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Health watch: “Mystery” dairy cow disease in Texas identified as HPAI

March 26, 2024  by Manure Manager

Texas agriculture commissioner Sid Miller received and released confirmation from U.S. secretary of agriculture Tom Vilsack that the mysterious disease working its way through dairy farms in the Texas Panhandle is highly pathogenic avian influenza (HPAI).

According to the Texas Department of Agriculture, three dairies in Texas and one in Kansas have tested positive for HPAI.

“This presents yet another hurdle for our agriculture sector in the Texas Panhandle,” said Miller in a statement. “Protecting Texas producers and the safety of our food supply chain is my top priority. The Texas Department of Agriculture will use every resource available to maintain the high standards of quality and safety that define Texas agriculture.”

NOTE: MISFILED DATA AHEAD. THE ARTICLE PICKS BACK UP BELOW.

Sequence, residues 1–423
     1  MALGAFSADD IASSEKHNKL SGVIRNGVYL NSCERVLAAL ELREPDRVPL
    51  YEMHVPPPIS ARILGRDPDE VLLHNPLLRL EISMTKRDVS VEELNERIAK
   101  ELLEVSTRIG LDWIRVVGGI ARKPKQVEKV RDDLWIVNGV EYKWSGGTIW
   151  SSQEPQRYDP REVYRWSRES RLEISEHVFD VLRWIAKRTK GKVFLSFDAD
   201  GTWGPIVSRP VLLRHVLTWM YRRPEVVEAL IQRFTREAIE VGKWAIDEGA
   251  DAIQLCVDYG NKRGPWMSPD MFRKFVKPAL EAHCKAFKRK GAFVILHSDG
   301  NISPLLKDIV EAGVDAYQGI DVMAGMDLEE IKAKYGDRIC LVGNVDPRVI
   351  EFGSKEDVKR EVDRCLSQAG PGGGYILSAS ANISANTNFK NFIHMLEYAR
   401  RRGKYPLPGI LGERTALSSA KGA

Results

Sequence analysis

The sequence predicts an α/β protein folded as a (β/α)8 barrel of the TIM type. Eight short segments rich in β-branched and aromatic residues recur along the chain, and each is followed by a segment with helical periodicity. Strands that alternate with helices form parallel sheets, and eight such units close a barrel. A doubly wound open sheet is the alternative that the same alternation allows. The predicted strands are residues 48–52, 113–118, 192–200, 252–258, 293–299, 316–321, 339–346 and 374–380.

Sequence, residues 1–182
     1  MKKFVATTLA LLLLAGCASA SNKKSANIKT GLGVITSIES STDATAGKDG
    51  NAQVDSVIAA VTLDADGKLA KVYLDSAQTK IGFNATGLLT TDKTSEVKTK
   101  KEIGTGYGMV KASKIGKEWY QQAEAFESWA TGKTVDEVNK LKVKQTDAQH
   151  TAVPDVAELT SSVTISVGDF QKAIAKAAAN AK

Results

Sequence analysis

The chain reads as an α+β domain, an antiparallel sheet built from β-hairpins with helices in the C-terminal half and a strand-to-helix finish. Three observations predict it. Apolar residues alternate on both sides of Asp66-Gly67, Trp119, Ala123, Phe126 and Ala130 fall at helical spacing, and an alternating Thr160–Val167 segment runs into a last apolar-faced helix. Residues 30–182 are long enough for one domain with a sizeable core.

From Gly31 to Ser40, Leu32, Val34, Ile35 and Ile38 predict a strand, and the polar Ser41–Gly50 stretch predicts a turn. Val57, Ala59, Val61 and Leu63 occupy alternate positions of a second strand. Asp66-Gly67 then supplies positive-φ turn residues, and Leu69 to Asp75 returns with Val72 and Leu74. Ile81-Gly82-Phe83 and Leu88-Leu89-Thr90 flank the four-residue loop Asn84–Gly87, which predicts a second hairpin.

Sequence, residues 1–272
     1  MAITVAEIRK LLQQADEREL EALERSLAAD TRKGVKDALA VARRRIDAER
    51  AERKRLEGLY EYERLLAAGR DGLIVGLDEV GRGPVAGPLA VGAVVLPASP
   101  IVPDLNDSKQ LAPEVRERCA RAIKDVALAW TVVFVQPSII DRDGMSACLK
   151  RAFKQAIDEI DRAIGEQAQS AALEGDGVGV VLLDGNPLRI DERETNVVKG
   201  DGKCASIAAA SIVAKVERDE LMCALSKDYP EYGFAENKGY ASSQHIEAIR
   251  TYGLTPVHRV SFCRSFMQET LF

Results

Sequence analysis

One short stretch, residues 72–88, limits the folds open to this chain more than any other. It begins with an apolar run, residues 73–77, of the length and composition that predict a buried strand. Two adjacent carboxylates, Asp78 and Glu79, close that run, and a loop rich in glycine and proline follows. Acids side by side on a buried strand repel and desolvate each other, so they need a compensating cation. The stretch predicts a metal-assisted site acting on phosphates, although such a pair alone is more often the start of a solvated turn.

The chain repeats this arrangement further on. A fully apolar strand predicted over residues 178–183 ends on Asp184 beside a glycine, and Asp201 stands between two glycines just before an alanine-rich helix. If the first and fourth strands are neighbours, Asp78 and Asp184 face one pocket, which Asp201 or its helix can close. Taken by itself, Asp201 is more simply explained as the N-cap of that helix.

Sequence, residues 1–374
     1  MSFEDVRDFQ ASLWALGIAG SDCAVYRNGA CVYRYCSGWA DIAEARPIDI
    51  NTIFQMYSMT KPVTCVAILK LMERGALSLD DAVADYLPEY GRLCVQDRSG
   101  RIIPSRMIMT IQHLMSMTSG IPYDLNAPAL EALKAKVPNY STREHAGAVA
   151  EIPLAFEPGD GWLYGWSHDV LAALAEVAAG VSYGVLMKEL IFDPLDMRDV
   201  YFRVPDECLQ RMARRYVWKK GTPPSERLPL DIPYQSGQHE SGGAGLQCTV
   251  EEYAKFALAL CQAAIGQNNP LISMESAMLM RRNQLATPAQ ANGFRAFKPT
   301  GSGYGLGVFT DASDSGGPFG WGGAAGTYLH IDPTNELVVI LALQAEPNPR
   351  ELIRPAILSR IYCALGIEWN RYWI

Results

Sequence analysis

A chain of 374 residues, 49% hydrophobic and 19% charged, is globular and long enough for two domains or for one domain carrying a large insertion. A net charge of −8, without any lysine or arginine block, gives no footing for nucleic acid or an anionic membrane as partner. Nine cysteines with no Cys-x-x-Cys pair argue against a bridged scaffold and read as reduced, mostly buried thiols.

The Texas dairy industry contributes roughly $50 billion in economic activity across the state. Texas also ranks fourth in milk production nationwide and continues to be a key player in the dairy industry.


Miller emphasized that “rigorous safety measures” and protocols are undertaken to ensure that the dairy products themselves remain unaffected by the ailment, and that there is no threat to either public safety or supply shortages.

“In the rare event that some affected milk enters the food chain, the pasteurization process will kill the virus.”

Despite no known threat to public safety, the virus has an undeniable economic effect on Texas’ dairy farms – the flu-like symptoms brought on in cows can result in a reduction in milk production as high as 40 percent among herds, for seven to 10 days until symptoms subside.

“Unlike affected poultry, I foresee there will be no need to depopulate dairy herds,” Miller said. “Cattle are expected to fully recover. The Texas Department of Agriculture is committed to providing unwavering support to our dairy industry.”


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